It’s found in lakes, ponds and rivers and can threaten habitat and health: toxic algae is a growing problem across the country, according to a recent report. The National Wildlife Federation and Resource Media looked at occurrences of toxic algae this summer, and found that 21 states had issued health advisories and warnings related to harmful algae blooms.
The Federation’s Andy Buchsbaum said such blooms often form when rainfall carries excess nutrients from agriculture and storm debris into rivers and streams.
He said this is “not just the green algae that gums up your boat or your motor, but this is toxic algae that actually has human health effects and can kill your pets. So, it’s a national problem we expect to see in every state.”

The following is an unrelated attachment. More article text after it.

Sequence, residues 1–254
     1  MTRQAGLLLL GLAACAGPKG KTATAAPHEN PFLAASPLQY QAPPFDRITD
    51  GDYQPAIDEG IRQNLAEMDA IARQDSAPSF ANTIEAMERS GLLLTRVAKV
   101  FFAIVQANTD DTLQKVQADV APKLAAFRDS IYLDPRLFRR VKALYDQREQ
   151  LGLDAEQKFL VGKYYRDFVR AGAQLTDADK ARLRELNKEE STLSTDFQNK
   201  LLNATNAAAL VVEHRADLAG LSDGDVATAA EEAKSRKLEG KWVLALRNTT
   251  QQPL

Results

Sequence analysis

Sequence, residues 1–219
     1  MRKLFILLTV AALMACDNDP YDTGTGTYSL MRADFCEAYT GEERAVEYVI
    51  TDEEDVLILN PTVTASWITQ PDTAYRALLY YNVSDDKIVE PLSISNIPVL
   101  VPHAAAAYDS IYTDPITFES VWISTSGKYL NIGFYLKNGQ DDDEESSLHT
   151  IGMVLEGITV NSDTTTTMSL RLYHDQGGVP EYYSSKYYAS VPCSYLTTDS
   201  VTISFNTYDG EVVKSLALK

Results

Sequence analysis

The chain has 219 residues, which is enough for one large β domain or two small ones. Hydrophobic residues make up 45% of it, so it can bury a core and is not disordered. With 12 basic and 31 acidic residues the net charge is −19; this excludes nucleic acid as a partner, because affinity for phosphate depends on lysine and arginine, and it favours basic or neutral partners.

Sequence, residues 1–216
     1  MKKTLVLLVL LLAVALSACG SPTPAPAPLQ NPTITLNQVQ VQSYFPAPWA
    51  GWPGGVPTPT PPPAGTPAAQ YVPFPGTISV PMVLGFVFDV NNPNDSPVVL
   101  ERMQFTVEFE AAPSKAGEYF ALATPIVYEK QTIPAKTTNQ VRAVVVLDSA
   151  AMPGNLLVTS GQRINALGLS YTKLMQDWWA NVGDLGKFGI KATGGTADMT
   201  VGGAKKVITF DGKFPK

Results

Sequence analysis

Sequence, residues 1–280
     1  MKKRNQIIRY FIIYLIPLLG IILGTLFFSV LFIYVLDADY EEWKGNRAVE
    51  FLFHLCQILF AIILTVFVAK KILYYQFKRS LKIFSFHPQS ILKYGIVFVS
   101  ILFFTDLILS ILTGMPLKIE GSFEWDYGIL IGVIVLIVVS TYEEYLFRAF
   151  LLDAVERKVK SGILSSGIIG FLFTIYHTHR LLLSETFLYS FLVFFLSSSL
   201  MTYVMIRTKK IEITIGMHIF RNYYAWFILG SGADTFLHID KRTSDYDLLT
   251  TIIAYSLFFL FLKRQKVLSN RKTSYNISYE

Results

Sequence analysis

According to the report, extreme weather spurred by climate change is exacerbating the problem. Buchsbaum said another issue is the abundance of fertilizer being used on fields and in parks.
“People can make a difference by reducing the nutrients that feed the algae,” he said. “That’s the number-one response that we can have. We can’t control the weather, we can’t control temperature of the water, but we can control those nutrient inputs.”
He said more federal attention to the problem is needed, including limiting the amount of phosphorus allowed into waters.
Buchsbaum said it’s a problem that flies below the national radar, because no federal agency tracks lake closures or health warnings, and there is little research on the costs associated with hazardous algae blooms. Pockets of toxic blue-green algae have been spotted for the first time in Pennsylvania this year in Lake Erie’s Presque Isle Bay, off the city of Erie, and have been an ongoing problem in the Allegheny Reservoir in Warren and McKean counties.
The report is at ToxicAlgaeNews.com.
Source: Keystone State News Connection